What is needed to enable the public sector to adopt AI?


In the National AI Strategy, the government made commitments to enrich our understanding of AI as it impacts the economy and society more broadly. Additionally, we recently launched a steering board chaired by the heads of both the government analysis and scientific functions, to ensure cohesive cross government approaches to understanding AI impacts. An overview of the high-level questions we are asking in this regard are outlined in the section below. (https://www.gov.uk/government/publications/national-aistrategy)

Some priority work we are currently developing to meet these commitments include:

An analysis of the AI White Paper consultation to feed into the formal consultation response. This will allow us to take on feedback from the public and various key players in sectors across the economy, and better tailor policy interventions to support strategic AI aims.

Establishing the AI Safety Institute to advance the world’s knowledge of AI safety by carefully examining, evaluating, and testing new frontier AI systems. The Institute will conduct fundamental research on how to keep people safe in the face of fast and unpredictable progress in AI, improving our understanding of the capabilities and risks of AI systems.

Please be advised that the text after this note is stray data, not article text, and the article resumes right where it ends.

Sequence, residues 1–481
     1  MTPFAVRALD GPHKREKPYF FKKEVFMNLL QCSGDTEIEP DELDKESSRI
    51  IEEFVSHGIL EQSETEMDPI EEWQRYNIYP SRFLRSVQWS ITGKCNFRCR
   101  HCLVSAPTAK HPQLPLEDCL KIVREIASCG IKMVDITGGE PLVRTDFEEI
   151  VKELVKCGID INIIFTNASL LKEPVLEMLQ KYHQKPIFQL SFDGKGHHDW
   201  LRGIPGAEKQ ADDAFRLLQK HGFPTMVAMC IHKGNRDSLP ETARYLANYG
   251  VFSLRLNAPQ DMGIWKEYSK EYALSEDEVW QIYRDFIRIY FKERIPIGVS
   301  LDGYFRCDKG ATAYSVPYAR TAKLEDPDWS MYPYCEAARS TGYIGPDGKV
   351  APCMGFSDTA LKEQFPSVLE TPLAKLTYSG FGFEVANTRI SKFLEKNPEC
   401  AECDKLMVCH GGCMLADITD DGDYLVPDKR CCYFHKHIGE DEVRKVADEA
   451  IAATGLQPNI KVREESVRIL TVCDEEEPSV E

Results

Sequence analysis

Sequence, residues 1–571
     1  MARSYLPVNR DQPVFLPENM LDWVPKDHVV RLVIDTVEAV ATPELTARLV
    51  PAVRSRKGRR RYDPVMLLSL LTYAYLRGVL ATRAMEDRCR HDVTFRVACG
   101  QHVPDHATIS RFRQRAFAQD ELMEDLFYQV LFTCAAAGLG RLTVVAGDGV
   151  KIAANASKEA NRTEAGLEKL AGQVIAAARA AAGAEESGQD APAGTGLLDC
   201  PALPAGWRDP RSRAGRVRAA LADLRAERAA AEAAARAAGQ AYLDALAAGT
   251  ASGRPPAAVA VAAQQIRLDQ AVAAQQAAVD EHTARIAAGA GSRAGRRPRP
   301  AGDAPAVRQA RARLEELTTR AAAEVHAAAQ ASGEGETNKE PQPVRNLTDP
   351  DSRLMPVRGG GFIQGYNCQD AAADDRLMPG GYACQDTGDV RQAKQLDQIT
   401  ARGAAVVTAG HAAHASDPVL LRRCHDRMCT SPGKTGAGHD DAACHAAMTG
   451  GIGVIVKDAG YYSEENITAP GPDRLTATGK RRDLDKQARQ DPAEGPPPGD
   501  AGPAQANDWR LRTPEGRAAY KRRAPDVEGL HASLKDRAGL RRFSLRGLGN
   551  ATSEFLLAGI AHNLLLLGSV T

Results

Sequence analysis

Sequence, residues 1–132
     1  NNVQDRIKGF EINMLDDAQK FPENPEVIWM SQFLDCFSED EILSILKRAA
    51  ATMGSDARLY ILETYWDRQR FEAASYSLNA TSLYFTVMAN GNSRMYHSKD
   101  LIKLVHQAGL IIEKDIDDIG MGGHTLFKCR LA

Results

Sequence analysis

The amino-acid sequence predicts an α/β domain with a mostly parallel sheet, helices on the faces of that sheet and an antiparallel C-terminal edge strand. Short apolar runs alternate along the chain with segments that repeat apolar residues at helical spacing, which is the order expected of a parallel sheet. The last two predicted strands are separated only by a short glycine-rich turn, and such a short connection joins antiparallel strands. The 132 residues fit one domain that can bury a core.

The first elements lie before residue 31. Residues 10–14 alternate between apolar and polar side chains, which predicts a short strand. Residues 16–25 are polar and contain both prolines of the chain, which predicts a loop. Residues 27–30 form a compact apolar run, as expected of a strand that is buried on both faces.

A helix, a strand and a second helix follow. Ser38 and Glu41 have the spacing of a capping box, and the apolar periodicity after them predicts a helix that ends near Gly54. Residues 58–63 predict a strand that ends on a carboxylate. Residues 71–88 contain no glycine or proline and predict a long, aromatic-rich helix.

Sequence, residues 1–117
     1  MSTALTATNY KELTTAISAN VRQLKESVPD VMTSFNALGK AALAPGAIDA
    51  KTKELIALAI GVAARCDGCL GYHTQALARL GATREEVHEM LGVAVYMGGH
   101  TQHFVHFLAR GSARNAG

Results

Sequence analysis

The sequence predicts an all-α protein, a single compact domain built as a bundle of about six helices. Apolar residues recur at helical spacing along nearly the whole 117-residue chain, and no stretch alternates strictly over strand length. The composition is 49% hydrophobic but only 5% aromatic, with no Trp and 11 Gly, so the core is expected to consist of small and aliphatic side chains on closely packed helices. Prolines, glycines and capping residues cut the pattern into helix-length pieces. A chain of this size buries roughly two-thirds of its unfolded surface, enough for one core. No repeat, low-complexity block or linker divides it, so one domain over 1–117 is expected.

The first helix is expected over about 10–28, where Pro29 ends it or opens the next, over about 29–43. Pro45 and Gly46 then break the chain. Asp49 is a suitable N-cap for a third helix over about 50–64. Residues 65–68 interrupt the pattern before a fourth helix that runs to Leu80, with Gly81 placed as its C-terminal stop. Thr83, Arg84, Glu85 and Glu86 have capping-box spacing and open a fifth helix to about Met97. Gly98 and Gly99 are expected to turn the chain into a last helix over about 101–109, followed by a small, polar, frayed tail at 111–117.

A monitoring and evaluation framework for AI regulatory interventions in tandem with the AI regulatory white paper. This will develop our understanding of key metrics to monitor with regards to Ai governance and ecosystem impacts.

Research into the AI sector and supply. Updating the AI Sector Study to establish a consistent and comparable set of economic indicators for the AI sector in terms of producers and suppliers. This study helps us to best understand where the AI sector needs support, to grow sovereign capability of the UK in AI, in alignment with strategic priorities.

The development of a cross-economy national AI risk register. Developed in tandem with a responsibility register that garnered cross Whitehall agreement on which departments hold which risks with regards to AI. The risk register will provide a single source of truth on AI risks which regulators, government departments, and external groups can use to prioritise further action.

Further research into Compute and the best ways to leverage compute to support the AI sector. This will be key to informing our response to the future of compute review, and maximising the £1 billion+ investments in state-of-the-art compute.

Next steps

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